First Date, The

In the August 2006 issue of Rogue Cinema I reviewed a total of four films created by the independent studio Fleet Street Films. The first three, a trilogy labeled as “the film truth collection”, received mixed to downright negative reactions, while the fourth, a silent comedy called Monday Morning, saw a decidedly more positive review. Though the issue has already been published online, I did receive another movie from Fleet Street recently and so I’ve decided to run it through the ol’ critique process.

Titled The First Date, this 15-minute film is another silent comedy, featuring the usual stable of actors found in Fleet Street’s production resume. The most important name to note, however, is Nate Edwards, who played the hapless hero of Monday Morning and returns here for even more physical slapstick shenanigans. Edwards is very good at abusing himself all for the sake of a laugh, hurling his body in any and every direction while making it look easy. Easily the highlight of The First Date is watching Edwards trying desperately to take off an extremely oversized shirt and getting trapped in the process.

What really hurts The First Date is its story, which when compared to that of Monday Morning is much too linear. Whereas in Morning there was a specific goal our hero was working toward (Edwards had to get to work), this time there’s an actual plot, leaving a lot less room for new gags and fresh situations. In Date, Edwards spends his day off at the park, where he stops a purse-snatcher and weasels a date out of his good will in the process. The rest of the short is then dedicated to watching the date, which of course goes horribly awry, but every now and then we go back to the purse snatcher, who has his own adventures (which are not at all interesting, I’m sorry to say).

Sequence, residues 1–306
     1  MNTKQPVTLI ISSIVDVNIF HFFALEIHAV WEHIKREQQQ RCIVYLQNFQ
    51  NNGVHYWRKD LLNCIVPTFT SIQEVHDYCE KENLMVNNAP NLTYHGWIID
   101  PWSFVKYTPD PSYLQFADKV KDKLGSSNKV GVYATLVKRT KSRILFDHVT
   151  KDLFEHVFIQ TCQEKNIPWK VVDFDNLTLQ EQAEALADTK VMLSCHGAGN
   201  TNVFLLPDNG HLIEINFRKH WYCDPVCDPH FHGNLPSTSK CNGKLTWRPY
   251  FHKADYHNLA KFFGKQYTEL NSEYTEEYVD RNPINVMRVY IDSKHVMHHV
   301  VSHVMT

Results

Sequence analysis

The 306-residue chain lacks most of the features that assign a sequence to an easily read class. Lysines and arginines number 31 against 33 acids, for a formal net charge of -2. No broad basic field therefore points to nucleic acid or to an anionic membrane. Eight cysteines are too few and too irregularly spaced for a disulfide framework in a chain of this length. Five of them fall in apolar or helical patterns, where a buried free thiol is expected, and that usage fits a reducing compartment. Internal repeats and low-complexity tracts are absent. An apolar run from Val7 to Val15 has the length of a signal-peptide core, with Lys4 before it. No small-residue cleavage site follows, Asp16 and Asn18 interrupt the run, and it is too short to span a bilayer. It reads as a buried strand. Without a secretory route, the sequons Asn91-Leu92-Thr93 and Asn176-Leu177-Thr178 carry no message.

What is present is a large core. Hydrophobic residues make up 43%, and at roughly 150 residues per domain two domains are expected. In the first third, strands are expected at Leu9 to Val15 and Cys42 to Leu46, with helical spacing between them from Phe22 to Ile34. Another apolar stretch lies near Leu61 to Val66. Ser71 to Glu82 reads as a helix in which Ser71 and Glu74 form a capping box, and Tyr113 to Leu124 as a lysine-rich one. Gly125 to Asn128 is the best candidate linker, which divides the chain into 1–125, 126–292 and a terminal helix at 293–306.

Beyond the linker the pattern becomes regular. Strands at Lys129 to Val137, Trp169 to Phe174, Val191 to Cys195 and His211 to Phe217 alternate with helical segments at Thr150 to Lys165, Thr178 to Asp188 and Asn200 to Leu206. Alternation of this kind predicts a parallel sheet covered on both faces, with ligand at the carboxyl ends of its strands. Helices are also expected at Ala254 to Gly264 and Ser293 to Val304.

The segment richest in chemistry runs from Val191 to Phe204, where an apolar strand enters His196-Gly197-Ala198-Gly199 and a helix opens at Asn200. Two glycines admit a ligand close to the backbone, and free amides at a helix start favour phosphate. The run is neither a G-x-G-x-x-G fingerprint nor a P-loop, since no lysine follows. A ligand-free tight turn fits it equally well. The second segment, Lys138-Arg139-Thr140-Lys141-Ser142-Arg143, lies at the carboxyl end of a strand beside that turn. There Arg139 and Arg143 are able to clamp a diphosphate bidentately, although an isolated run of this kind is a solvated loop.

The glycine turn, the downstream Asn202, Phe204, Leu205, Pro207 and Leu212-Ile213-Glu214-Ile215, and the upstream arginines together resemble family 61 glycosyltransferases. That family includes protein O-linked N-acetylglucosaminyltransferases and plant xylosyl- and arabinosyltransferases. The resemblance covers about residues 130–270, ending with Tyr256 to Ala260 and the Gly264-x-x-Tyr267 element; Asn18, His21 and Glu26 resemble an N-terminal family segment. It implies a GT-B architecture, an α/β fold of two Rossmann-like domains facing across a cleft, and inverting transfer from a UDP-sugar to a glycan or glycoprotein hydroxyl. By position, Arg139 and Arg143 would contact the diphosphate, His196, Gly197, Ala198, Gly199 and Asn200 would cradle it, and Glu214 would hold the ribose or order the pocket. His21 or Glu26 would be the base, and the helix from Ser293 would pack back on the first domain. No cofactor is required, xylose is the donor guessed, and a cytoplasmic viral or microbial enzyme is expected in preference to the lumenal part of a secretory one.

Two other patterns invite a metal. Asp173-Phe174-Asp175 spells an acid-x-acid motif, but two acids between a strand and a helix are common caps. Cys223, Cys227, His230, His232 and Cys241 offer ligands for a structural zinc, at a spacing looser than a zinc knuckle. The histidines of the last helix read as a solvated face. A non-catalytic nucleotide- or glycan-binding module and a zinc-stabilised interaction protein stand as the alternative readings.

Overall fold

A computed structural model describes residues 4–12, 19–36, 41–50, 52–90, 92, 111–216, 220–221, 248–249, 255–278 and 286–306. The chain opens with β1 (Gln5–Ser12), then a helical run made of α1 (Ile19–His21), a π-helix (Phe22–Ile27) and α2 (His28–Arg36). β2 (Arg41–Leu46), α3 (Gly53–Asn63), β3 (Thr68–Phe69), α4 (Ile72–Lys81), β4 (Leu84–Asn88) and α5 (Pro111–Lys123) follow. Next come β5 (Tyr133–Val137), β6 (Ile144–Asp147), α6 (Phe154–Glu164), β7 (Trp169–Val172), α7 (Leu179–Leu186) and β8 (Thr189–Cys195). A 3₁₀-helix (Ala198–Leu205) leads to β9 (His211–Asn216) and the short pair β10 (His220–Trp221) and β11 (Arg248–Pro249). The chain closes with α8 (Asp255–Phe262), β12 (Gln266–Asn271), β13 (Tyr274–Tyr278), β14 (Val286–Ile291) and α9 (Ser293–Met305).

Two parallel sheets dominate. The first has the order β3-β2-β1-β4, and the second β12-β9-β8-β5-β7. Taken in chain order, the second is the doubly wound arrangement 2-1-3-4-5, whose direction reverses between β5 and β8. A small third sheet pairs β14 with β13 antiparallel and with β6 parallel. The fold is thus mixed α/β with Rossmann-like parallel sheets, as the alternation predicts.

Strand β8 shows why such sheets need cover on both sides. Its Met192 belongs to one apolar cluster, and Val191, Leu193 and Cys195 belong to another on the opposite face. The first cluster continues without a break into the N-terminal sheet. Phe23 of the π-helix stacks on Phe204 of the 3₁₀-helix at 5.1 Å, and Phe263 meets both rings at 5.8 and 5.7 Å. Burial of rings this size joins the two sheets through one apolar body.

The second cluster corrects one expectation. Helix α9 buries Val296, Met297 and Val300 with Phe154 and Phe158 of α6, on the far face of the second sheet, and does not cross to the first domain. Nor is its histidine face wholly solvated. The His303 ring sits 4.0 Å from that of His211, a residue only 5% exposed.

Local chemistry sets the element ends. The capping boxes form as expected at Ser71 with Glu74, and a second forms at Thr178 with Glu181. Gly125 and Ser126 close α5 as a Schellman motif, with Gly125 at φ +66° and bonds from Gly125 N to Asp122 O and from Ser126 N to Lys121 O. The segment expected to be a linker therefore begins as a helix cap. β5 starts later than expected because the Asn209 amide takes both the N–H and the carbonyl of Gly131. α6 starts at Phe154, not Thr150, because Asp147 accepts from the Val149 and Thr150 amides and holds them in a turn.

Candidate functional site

The open-ended premise of Morning compared to the more scripted, structured layout of The First Date is not really a comparison from the start. Date fails because instead of a single task there are now many arbitrary plot points to overcome, and this is not how silent comedy works. Original silent comedies, such as Safety Last!, were engrossing because there was the thinnest of setup and a bulk of jokes to fill up time. We were willing to watch these feature-length movies because they were so free form in creation. Also, title cards were used sparingly, whereas in Date they pop up way too much and only interrupt the action. Eventually what little steam the movie earns is drained, leaving the camera set firmly in place as we watch a seemingly endless shot of Edwards throwing things and acting goofy. It comes off as tired after a while, not fun, and it affected me as a viewer. Also, while I found Edwards to be innocently doofy in Morning, for some reason his character is presented as a bit of a pervert here, peaking down blouses and otherwise trying to get as close to his date as possible. I’m sure this was meant to be funny, but the comedy felt a little too modern in this respect.

The First Date shows that perhaps director Anthony Spadaccini should have left well enough alone when he made Monday Morning. The first film was a cute homage to a bygone era, but Date reeks of nothing more than returning to an old joke and repeating it just for the sake of repetition. My advice: Move on to other forms of comedy, since continuing to mine the silent era for material will only result in further redundance.

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